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The "IO" Lesson is part of the full, Hardcore Functional Programming in JavaScript course featured in this preview video. Here's what you'd learn in this lesson:

IO is a functor that is considered a lazy computation "builder". It's typically used to contain side effects. So rather than contain a String or Array, it will contain a function. A map appends the function to a list of items to run.

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Transcript from the "IO" Lesson

>> [MUSIC]

>> Brian Lonsdorf: IO, this one's pretty crazy. Are you guys ready for pure IO? [LAUGH] This is a functor, but instead of a number or a string or a list inside it, it's gonna put a function inside it. That's pretty crazy, all right [LAUGH]. So it's like a computation builder.

[00:00:27] Every time you map over in IO, it's gonna basically secretly compose inside. So we'll see it in action. This is gonna get crazy. But until now, we've seen values that are just like kind of standard values that are data in your app going through your app. IO is taking a function and we'll look at that and it's gonna be a little bit different in that regard.

[00:00:52] Okay but yeah you can use it to obtain side effects and eventually it just returns your function, you call runIO on. So, it's just like a lazy computation, your app doesn't do anything, it just builds up a computation for you then you run it. So yeah. Let's look at this, so if I have an IO of a function that gets the e-mail's value.

[00:01:18] I probably should've used document create selector. Anyway, I'm using jQuery here. So shout out to map rules. [LAUGH] So, the IO is taking a function that returns us whatever is in the email field's value. Now, if I wanna say like welcome, whatever your name is, I can cat welcome to.

[00:01:40] I have to map over it because it's inside the IO. So what I'm doing is mapping a function over the function. It's kind of weird. You don't think of it that way though. You map this function over that eventual value, so it'd be the value of the email field just like we've been seeing, that goes into concat.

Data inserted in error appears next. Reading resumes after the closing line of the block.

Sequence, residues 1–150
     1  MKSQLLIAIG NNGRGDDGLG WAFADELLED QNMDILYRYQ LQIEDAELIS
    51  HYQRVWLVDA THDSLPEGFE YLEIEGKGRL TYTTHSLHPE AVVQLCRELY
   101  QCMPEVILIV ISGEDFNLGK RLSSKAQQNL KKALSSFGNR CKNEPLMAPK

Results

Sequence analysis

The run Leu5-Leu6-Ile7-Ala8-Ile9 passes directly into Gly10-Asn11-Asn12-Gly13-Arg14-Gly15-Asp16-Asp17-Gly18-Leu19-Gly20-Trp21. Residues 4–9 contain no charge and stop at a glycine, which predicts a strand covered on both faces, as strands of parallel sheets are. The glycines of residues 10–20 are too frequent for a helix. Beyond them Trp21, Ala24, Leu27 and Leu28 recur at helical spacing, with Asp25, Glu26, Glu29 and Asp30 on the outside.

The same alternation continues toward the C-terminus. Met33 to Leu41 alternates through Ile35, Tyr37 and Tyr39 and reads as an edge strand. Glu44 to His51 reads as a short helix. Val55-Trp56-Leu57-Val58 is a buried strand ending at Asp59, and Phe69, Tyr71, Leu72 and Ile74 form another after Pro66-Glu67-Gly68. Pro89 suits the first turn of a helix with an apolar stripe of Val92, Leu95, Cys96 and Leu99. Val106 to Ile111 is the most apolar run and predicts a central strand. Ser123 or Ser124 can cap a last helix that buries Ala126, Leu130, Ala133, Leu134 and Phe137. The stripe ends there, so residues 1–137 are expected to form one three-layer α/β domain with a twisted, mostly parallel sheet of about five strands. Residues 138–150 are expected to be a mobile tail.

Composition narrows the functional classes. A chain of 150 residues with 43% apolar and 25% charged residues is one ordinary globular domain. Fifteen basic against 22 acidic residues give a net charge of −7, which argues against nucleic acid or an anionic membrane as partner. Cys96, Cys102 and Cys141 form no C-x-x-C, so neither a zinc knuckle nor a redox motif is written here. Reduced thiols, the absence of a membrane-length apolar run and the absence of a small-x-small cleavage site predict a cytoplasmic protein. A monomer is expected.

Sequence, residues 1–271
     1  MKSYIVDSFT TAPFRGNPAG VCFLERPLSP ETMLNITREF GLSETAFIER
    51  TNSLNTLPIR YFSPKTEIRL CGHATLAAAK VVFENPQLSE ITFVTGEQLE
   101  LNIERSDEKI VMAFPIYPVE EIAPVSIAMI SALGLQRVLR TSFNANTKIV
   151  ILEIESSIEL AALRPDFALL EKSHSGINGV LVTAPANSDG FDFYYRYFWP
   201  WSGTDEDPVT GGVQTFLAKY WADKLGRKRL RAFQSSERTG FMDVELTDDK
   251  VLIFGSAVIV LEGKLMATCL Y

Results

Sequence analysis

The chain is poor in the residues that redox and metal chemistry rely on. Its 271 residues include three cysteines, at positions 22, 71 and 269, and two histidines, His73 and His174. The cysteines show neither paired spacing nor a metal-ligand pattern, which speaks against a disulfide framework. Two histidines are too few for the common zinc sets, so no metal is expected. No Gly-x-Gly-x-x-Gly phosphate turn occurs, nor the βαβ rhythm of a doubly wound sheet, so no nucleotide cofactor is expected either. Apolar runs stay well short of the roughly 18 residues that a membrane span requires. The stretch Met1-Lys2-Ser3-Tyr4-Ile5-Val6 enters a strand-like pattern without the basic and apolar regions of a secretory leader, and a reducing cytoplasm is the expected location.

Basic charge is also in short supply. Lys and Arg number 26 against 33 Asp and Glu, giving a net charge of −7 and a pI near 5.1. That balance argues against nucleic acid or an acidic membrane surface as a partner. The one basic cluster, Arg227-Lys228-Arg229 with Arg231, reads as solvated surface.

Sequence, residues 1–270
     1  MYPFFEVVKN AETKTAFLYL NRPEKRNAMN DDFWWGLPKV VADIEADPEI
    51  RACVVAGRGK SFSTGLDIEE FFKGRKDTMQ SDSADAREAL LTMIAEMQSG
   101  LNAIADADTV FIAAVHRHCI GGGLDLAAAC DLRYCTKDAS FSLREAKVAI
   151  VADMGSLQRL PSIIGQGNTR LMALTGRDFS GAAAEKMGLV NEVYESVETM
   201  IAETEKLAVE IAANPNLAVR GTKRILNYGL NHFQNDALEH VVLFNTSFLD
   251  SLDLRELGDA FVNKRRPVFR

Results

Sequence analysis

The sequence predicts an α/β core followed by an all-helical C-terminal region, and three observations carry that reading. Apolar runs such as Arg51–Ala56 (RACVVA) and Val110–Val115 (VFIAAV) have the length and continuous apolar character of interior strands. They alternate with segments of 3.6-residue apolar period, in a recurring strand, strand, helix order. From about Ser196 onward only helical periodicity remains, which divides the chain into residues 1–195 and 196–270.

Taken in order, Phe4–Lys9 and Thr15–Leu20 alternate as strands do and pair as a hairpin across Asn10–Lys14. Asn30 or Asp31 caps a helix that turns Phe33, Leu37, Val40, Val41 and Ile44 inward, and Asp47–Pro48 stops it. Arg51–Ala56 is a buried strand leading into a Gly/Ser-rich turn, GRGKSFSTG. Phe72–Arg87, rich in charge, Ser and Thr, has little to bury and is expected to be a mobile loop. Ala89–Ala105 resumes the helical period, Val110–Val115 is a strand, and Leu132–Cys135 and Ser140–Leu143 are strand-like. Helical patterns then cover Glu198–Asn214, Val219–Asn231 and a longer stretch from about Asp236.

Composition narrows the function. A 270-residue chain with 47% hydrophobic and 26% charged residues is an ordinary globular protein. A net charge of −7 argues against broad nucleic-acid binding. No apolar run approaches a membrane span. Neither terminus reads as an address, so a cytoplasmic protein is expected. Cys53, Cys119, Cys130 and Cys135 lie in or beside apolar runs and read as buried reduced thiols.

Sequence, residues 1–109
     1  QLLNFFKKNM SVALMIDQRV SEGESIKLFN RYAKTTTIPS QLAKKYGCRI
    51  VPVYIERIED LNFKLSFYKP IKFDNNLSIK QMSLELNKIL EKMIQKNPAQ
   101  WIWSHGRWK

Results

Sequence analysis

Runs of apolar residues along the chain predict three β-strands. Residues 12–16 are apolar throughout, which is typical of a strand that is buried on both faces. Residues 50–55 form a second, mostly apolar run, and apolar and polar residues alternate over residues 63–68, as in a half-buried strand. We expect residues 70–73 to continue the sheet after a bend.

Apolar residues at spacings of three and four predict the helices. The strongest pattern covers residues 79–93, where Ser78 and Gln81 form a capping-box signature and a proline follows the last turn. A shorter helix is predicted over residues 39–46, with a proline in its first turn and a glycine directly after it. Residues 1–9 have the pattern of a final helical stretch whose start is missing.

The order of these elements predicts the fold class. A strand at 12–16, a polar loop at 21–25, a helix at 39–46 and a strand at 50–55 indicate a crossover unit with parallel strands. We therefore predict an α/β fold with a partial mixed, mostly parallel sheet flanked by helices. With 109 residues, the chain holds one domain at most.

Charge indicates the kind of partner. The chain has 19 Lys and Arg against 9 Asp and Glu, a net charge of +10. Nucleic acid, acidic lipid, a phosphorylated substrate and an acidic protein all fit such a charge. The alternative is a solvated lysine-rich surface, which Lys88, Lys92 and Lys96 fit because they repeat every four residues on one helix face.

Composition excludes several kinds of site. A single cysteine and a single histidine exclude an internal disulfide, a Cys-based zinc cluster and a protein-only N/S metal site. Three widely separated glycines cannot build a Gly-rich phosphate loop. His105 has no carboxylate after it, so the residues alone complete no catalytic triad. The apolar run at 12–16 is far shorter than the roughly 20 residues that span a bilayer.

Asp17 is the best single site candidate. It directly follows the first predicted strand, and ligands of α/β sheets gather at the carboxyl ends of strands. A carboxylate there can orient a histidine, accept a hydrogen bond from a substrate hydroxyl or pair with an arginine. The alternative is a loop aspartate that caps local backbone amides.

[00:01:59] So we'll say like [LAUGH] I don't know, so it builds up a really lazy computation at the end. You call runIO with it. See another example. That's runIO. [LAUGH] You've made your computation throughout your app. And instead of it running, it just built more things up. And then, you finally call runIO with it.

[00:02:28] So let's see here. If I wanna get the preferences out of a store, let's look at this part right up here. If I get the preferences out a store, let's pretend this thing returns me an IO, like if I'm getting it out of the local data storage or whatever, it's a secret input, it's input into my app that I have to be honest about, I can't just be like magic.

[00:02:51] There's data somewhere, it just showed up. It should be known that this thing is coming from the outside world into my app. And I wanna flag that by the Store.get("preferences") will return me IO preferences. It's not just gonna return me preferences right up off the bat. So nothing will happen when I run my app which is really nice for testability, extendibility, I can keep building upon my app without it ever running.

[00:03:19] So if I map, get the background color or parse those preferences because they assume presumably adjacent string. And we get the background color. Now when I run my app, nothing happens. I get an IO and I have to run it, then I get my background color. So it's just like everything else.

[00:03:40] There's an intuition here that you can kind of go with. Go with your gut instinct. What's gonna happen, if Store.get returns an IO and then map over to get the background color, who cares what's going on? Like it's just gonna gave me the JSON and I'll parse it, whatever.